That Hoipolloi’s staging of the Edward Gorey fable is entertainingly done is without question. It is not only an adaptation of this story about a pointy-faced creature in white canvas shoes who takes residence in a grand country mansion, but also an…

East 10th Street: Self Portrait with Empty House

13 Aug 20093 stars

Three storeys of NYC stories

Edgar Oliver will not be the only actor taking on the Everyman persona this August. Like innumerable stand-up comics and solo performers, he presents himself as the still centre of a chaotic world. By identifying with him, we can share his strange…


12 Aug 20092 stars

An inability to see the potential in a great idea

There’s a great idea behind Tim Nunn’s new play for Glasgow’s Reeling & Writhing about the army’s use of humour to interrogate suspects. Instead of tackling the clash of comedy and combat head on, however, the playwright gets distracted by his…

The Hotel

10 Aug 20095 stars

The suite smell of success

If Punchdrunk, the fashionable London site-specific theatre company, gave the job of artistic director to Arthur Smith, the comedic genius behind the Fringe’s Arturart exhibitions, the results would look a lot like The Hotel. Throw in a touch of Fawlty…

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Beachy Head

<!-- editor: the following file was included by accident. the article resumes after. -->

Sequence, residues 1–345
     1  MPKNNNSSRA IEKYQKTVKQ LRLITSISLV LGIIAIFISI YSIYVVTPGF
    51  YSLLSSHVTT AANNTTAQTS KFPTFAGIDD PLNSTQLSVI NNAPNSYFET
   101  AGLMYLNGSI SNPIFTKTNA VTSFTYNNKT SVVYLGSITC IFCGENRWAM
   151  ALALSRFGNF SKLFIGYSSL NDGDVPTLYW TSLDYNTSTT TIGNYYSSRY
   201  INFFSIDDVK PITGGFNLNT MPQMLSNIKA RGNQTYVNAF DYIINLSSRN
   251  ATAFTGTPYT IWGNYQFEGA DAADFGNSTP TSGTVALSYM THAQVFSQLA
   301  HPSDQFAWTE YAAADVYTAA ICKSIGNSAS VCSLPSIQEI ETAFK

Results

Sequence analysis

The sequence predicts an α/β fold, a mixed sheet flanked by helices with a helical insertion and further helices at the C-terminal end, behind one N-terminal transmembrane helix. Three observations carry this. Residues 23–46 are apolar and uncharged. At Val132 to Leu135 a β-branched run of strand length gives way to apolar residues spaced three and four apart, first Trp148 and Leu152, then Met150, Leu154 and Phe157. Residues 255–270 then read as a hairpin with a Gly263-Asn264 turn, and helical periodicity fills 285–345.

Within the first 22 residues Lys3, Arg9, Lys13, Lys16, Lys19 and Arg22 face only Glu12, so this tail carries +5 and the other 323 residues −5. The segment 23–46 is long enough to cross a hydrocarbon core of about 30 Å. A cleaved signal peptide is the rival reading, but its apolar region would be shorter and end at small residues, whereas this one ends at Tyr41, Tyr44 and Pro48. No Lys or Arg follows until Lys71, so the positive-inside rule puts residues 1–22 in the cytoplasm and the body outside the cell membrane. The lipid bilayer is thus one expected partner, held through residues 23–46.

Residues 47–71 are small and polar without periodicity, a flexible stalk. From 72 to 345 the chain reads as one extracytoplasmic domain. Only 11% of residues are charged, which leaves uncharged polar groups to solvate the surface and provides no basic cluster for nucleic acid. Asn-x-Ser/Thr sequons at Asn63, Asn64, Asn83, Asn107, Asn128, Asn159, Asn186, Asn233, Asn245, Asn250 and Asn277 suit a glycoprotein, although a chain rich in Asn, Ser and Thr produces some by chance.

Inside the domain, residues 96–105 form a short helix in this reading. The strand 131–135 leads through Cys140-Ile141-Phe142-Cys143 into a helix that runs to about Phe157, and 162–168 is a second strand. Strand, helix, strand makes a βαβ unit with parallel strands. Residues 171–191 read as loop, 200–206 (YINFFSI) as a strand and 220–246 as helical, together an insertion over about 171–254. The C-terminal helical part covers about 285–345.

10 Aug 20093 stars

Suicide brings on many changes

Like its predecessor, Mile End, Analogue’s Beachy Head is as much about the way the story is told as it is about the story itself. No scene goes by without a screen being wheeled on, a video camera being focused or an actor tottering in front of a…

Sea Wall

8 Aug 20094 stars

Pray silence for an exquisite performance

Alex does not voice the cruellest words he ever spoke. We don’t actually hear the dreadful phrase he utters to his father-in-law. But we can imagine it. Playwright Simon Stephens is too subtle a craftsman to allow his central character to blurt it out…

The Ducky

14 May 20094 stars

Douglas Maxwell better watch out. Until last year the playwright had cornered the market in whimsical comedies about Ayrshire teenagers. Then along came DC Jackson with The Wall – in which a gang of Stewarton youngsters crossed the threshold from…

After Mary Rose

30 Apr 20093 stars

Collaborating with director Nicholas Bone of Magnetic North, playwright D Jones has given JM Barrie’s 1920 ghost story Mary Rose a dust down so it has less of the creaky haunted house about it and more of the privations of war. But in structure and…

The Lion, the Witch and the Wardrobe

11 Dec 20083 stars

ADAPTATION If you’re in doubt about the Christian allegory lurking behind the Narnian fantasy of CS Lewis, just look at the treatment meted out to Daniel Williams as Aslan in this stage adaptation. Relinquishing power to Meg Fraser’s scarily…